One reason we are buddies is that we have similar outlooks on general aviation safety and doing GA correctly. My feelings on these are borne out of lots of reading – his I suspect are from lessons learned in years of flying. It can be daunting flying with a significantly more experienced pilot in a non instructor/examiner situation (OK, it can be very daunting flying with an examiner) because one feels like one’s skills are on show – this was the first time I was to be PIC in my aircraft with him (I’ve flown in his aircraft many times). You don’t want your first flight with a new passenger to be your last flight with that passenger..
I must confess to feeling that the Sling was a little shabby compared to the extremely well equipped G5 Cirrus but hey, an airplane is still an airplane – and I’m a proud owner.
We had a secondary objective and that was to test the Aerox system I acquired recently – it seemed prudent to do this with an experienced supplemental oxygen user. We came prepared – he had 2 oximeters and I had 1. Of course, true to form mine was DOA, although after 10years of hard use in my day job meant I shouldn’t be surprised. It is time for a new one anyway as the LCD display isn’t very readable in the bright cockpit. In addition we had an emergency cylinder in case the main cylinder didn’t perform as expected.
For a change the weather was playing along really nicely and although the visibility wasn’t really good, the air was smooth as we climbed energetically away from BaraG – had a good 750-800fpm climb rate which impressed my passenger. There was no other traffic in the training area and we started our climb after exiting from under the Johannesburg TMA. Information approved our climb and handed us over to the area controller (Centre) and I handed control over to Ari. For the last day in March it was still pretty warm – was showing an OAT of 21 Celsius at 10000ft but the Sling trundled on at 400fpm through 11000ft with the Airmaster Prop in Climb and 34” manifold pressure on the throttle.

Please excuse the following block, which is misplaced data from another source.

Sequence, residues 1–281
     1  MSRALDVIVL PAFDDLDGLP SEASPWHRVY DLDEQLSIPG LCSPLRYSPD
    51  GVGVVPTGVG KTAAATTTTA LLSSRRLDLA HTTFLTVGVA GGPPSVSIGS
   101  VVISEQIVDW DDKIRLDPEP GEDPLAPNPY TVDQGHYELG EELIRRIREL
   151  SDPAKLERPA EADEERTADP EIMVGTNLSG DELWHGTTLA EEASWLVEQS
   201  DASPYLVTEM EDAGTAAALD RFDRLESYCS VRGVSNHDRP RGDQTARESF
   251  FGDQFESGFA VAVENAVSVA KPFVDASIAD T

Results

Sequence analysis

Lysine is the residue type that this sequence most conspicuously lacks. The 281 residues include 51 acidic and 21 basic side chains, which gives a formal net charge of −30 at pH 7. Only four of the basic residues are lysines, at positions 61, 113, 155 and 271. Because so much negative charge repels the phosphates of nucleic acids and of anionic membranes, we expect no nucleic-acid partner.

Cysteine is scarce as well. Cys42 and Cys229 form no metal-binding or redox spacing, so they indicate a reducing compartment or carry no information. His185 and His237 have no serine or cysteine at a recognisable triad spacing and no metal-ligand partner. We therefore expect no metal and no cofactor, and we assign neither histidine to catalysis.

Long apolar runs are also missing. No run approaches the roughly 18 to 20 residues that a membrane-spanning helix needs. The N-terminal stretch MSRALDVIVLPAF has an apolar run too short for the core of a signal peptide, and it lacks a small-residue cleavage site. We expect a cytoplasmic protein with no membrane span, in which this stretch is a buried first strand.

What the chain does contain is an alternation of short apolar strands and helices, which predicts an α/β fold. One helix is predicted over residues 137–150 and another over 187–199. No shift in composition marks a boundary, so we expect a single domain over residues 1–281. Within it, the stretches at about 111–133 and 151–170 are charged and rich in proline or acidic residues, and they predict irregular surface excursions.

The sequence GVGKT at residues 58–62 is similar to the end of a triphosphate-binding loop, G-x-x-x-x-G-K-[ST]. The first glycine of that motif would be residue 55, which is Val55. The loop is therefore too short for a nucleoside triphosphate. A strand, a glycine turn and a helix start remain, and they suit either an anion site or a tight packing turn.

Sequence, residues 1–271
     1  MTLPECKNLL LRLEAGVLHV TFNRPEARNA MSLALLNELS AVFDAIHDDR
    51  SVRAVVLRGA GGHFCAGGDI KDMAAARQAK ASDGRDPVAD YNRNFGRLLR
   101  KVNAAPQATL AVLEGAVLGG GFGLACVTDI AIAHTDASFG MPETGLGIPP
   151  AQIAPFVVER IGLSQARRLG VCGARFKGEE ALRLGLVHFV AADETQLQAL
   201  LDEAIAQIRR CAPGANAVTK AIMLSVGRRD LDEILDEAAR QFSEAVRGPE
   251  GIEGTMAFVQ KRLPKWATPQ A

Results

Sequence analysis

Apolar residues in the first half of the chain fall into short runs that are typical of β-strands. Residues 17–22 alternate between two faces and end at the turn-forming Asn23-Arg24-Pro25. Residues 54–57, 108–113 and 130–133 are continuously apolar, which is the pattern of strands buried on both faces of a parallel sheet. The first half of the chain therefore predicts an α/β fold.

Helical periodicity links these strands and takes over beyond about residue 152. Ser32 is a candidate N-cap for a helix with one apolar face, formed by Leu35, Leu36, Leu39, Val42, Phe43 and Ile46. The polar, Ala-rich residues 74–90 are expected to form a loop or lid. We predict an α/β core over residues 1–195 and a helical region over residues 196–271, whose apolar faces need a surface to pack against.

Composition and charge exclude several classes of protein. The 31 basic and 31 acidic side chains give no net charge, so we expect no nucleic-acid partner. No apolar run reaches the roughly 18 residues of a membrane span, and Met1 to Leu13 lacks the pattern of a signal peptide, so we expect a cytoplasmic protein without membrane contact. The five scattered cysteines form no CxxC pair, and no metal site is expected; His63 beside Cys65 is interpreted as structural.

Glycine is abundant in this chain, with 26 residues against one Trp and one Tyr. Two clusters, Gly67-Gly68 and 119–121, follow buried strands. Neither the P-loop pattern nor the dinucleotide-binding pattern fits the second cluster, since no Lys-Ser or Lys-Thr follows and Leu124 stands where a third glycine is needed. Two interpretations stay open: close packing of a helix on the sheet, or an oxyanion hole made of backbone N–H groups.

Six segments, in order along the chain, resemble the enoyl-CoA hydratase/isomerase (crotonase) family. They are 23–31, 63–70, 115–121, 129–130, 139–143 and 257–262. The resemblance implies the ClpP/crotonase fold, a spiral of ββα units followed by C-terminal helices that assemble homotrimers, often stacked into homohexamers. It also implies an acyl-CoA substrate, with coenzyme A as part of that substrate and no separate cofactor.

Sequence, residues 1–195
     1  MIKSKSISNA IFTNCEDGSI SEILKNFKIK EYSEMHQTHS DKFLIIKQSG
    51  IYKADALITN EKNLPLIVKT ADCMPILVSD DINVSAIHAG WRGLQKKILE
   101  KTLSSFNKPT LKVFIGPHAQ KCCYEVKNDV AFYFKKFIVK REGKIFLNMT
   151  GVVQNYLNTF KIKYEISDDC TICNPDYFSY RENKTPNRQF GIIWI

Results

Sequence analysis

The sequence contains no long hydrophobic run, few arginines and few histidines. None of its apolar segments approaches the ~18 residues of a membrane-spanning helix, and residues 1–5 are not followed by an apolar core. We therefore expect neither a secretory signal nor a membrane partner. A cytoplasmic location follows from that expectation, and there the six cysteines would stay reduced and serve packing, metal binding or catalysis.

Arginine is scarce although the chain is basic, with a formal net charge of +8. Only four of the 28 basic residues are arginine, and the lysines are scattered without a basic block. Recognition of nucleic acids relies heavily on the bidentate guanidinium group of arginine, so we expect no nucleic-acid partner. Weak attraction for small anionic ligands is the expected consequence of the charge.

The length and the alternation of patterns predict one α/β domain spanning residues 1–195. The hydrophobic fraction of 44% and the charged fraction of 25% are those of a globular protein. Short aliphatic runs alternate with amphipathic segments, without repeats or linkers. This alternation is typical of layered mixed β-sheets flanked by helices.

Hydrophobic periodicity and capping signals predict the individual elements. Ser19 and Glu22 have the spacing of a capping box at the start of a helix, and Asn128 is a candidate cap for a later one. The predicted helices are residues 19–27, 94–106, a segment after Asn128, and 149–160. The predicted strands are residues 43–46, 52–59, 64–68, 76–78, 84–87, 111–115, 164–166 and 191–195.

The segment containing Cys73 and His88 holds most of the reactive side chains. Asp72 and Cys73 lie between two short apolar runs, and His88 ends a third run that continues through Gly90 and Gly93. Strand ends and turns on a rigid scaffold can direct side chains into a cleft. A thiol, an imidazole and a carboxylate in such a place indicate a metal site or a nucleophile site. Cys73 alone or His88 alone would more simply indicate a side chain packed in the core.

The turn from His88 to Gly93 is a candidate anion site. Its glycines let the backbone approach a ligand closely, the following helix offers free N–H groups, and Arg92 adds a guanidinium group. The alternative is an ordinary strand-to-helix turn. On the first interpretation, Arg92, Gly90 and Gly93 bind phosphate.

We routed south as we climbed, out over the Vaal River and Parys, enjoying the views (despite the limited vis) and the smooth air. Climbing through 10000 feet I popped the pulse oximeter on and was quite alarmed to find my sats were 89%. I wasn’t expecting it to have dropped so low at a relatively low altitude. I didn’t feel any adverse effects although I don’t believe time of useful consciousness is an issue at this altitude. However, it seemed like a good idea to get the oxygen on which we did.
Let it be said that one looks a little ridiculous wearing an oxysaver cannula – but you look a lot less ridiculous with the cannula on than slumped over the controls with two fighter jets on your wing. The oxysaver allows pretty low flows – <1litre per minute at altitude up to 15000ft – by using a small reservoir so it’s relatively economical to run once you’ve forgotten the initial outlay for the equipment!
Area control came on asking us to stop our climb at FL125 due to other traffic on the airway above us which was a little disappointing but the density altitude was already well over 14000ft by this time, so I didn’t think with a service ceiling of 16000ft we’d get much higher anyway.
At this point we noticed that the oil pressure had decreased to 1.6bar from 2.5bar. Lower limit of normal is 2bar on the Rotax 914UL. This was obviously not something to take lightly. Initially we thought it could have been due to the warm conditions – oil temp was normal and CHT’s were within limits. Still, we arrested the climb and throttled back with no improvement. The best call at this point was a 180deg turn and route back to home base keeping a good lookout for potential off airport landing sites.